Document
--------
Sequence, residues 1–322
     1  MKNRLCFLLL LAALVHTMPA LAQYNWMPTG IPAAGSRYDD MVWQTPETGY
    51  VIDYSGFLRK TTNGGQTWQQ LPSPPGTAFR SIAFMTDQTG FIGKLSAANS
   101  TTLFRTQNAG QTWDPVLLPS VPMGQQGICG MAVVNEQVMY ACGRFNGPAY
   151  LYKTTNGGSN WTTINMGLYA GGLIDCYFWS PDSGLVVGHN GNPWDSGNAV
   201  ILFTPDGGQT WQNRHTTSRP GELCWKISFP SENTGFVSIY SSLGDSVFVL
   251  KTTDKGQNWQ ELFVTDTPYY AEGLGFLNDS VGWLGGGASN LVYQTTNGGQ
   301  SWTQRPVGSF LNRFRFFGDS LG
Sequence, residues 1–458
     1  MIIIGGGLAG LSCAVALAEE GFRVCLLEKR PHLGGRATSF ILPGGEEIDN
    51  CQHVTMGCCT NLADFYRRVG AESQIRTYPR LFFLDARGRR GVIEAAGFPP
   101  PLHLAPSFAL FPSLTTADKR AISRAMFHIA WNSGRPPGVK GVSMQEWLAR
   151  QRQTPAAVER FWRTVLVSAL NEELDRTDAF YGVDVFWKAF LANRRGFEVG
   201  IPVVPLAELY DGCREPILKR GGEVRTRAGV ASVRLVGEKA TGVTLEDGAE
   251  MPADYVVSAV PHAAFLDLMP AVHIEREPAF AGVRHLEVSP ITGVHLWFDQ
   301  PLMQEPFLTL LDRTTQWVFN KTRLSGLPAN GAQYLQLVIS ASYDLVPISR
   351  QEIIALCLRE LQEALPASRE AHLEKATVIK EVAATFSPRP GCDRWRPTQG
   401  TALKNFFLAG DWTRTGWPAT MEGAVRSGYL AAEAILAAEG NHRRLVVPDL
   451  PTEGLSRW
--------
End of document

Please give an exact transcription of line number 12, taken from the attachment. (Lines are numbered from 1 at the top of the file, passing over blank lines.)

   101  PLHLAPSFAL FPSLTTADKR AISRAMFHIA WNSGRPPGVK GVSMQEWLAR